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Old 11-30-2013   #1
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Default The impact of new railways

On SWC we sort of understand the importance of logistics; railways are an important factor in politics and economics - even if in the West the auto-engine reigns supreme.

Two recent BBC News reports. First from Ethiopia:
Across the Ethiopian countryside 2,000km (1,243 miles) of railway is being built, the first phase of an endeavour to create a new 5,000km network....The centrepiece of the new rail system is the planned line between Addis Ababa, the Ethiopian capital, and the neighbouring country of Djibouti.

Then from Kenya:
Kenya has formally launched a new....railway which should extend across East Africa to reach South Sudan, DR Congo and Burundi. The first section will link the Kenyan port of Mombasa to the capital, Nairobi, reducing the journey time from 15 hours to about four.
What is the common political factor, first Ethiopia:
Both projects began in early 2012 and are joint ventures between the Ethiopian government and Chinese companies that successfully bid for the $3.3bn (£2.2bn) Addis-Djibouti contract, and the $500m LRT project.
And Kenya:
Kenyan President Uhuru Kenyatta and his Chinese counterpart Xi Jinping agreed the deal in August in Beijing.
Now what comes after such a large Chinese investment? SWC does have a thread on China's increasing role in the developing world (maybe not the thread's title).

Incidentally China's last big railway investment, the TanZam railway which opened in 1975 has been plagued with problems for many years. Last I heard it was due for renovation.
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Old 12-01-2013   #2
Bill Moore
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You can see the strategy if you simply read the business news. Globalism will likely expand in scale tremendously if these infrastructure projects are completed. Of course as you well know it is more than railroads, but railroads are a good indicator. You took us on a short visit to Africa, I'll introduce some developments (some in the works for a long time) in SE Asia.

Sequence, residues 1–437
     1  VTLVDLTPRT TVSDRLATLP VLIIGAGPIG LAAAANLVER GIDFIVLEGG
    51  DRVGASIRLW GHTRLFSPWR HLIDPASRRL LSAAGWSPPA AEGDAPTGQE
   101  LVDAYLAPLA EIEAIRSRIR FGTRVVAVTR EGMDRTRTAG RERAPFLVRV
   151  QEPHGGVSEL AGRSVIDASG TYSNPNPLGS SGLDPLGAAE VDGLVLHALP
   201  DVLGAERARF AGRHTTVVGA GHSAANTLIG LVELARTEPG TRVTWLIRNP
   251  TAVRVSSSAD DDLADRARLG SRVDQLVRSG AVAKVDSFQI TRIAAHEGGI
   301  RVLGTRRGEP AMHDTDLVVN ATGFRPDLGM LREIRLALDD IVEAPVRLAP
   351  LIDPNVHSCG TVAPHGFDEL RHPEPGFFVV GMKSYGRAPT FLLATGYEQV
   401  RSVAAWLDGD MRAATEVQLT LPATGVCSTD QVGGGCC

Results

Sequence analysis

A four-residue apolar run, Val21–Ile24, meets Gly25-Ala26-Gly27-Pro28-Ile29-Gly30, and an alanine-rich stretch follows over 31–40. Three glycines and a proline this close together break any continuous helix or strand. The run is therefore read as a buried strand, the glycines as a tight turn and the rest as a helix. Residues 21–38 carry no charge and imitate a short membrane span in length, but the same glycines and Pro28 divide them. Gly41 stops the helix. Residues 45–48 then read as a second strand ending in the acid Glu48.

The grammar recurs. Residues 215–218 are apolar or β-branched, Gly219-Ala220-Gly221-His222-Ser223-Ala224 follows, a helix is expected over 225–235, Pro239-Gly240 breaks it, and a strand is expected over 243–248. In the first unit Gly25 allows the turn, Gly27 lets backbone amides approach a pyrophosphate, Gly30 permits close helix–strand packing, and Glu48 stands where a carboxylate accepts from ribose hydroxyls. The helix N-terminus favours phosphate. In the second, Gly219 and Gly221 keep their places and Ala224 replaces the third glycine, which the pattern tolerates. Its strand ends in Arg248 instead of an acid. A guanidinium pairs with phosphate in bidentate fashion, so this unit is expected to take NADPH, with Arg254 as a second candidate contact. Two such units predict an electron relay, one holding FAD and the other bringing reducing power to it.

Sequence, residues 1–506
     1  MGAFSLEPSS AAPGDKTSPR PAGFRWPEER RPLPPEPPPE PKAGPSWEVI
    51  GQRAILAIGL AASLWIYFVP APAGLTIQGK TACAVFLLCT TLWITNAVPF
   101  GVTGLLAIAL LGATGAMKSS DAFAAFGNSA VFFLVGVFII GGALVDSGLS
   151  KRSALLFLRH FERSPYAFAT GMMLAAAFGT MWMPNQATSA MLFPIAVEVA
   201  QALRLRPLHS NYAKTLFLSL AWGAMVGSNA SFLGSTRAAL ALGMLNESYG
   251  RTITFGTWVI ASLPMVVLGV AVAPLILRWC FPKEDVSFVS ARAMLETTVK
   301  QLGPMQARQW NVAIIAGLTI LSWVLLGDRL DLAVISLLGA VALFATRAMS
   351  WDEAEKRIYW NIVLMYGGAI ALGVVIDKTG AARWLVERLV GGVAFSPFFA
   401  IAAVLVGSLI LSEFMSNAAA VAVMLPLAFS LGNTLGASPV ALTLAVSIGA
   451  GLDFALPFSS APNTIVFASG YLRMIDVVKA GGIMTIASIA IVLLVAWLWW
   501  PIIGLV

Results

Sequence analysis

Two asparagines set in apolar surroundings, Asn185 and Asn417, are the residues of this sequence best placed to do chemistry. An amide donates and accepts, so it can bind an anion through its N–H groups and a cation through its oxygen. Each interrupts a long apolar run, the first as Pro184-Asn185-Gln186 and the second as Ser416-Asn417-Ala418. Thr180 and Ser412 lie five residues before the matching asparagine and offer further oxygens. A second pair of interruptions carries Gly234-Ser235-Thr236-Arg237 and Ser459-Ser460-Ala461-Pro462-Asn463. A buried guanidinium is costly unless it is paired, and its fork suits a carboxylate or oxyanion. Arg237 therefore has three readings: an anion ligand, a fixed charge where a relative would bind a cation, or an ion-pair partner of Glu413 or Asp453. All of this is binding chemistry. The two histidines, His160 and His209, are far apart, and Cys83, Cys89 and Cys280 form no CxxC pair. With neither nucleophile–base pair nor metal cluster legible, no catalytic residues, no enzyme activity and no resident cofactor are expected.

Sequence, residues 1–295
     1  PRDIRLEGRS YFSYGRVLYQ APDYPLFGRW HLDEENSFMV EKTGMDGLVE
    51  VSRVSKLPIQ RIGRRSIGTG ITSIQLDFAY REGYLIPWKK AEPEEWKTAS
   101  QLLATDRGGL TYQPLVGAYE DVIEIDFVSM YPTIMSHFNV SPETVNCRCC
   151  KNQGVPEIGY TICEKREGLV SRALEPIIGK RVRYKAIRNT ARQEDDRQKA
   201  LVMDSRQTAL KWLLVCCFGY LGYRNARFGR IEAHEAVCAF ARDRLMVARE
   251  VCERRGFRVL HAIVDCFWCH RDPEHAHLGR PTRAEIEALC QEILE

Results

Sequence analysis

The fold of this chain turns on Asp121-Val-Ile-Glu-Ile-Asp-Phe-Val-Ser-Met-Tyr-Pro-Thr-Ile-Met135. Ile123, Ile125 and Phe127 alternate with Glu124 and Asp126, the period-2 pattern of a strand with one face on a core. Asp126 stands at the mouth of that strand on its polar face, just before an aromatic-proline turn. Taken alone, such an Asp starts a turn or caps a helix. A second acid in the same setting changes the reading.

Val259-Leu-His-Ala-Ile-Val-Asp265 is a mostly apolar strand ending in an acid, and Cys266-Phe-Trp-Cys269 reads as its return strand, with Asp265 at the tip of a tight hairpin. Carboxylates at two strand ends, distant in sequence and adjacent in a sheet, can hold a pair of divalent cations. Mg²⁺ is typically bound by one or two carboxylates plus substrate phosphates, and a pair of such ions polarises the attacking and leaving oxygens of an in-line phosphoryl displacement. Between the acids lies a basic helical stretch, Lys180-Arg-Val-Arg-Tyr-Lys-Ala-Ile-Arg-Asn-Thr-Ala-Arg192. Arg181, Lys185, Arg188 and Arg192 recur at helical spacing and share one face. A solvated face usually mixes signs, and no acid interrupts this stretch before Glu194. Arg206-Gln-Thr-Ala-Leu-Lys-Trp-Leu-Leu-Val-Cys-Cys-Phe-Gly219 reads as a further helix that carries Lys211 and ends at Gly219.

Southeast Asia steps up investment in rail

10/10/2013 13:13:36

This week's Sunday Times highlights massive investment in transport infrastructure in South East Asia. Driving this, says the article, is "the compelling need to modernise in the face of competition from China". Also setting the tempo is a move by the 10 ASEAN economies to establish a single market and production base by 2015

China’s Charm Offensive Signals a New Strategic Era in Southeast Asia

In Bali, Xi set a target of increasing annual China-ASEAN trade to $1 trillion by 2020, up from $400 billion in 2012. The Chinese president also proposed the formation of an Asian infrastructure development bank that, if realized, would help regional countries diversify away from the U.S.- and Japan-dominated Asian Development Bank.
For Washington, it should be encouraging that Beijing is coming up with tangible ways to boost regional connectivity in Southeast Asia, a policy the United States also supports. But U.S. businesses should not, and cannot, afford to be absent from large regional infrastructure schemes. U.S. companies no longer compete with their Japanese and Korean rivals in the construction of roads and railroads in Southeast Asia. But U.S. companies still have a competitive advantage in telecommunications, the advanced recovery of oil and gas, energy projects, and the design and construction of airports and ports. Infrastructure projects will carry political and strategic implications well into the future. For instance, a transnational railway connecting mainland Southeast Asia to China promotes integration in a different fashion than a future economic corridor linking one end of mainland Southeast Asia to another.
This one is a little older (2010), but provides important context:

Southeast Asia One Step Closer to Linking Singapore and China in Massive Railway Network

Plans for a pan-Asian railroad have been in the works for decades, but today marked the first step toward linking a massive railway line from Singapore to Southwest China and beyond. It's called the Singapore-Kunming Rail Link (SKRL), and will connect domestic lines within several Southeast Asian nations. It spans 3,000 miles, connecting Singapore all the way to the Southwestern city of Kunming, the capital of Yunnan province.
"We are on the cusp of a contiguous Iron Silk Road stretching from Singapore to Scotland," said ADB's Director General for Southeast Asia, Kunio Senga.
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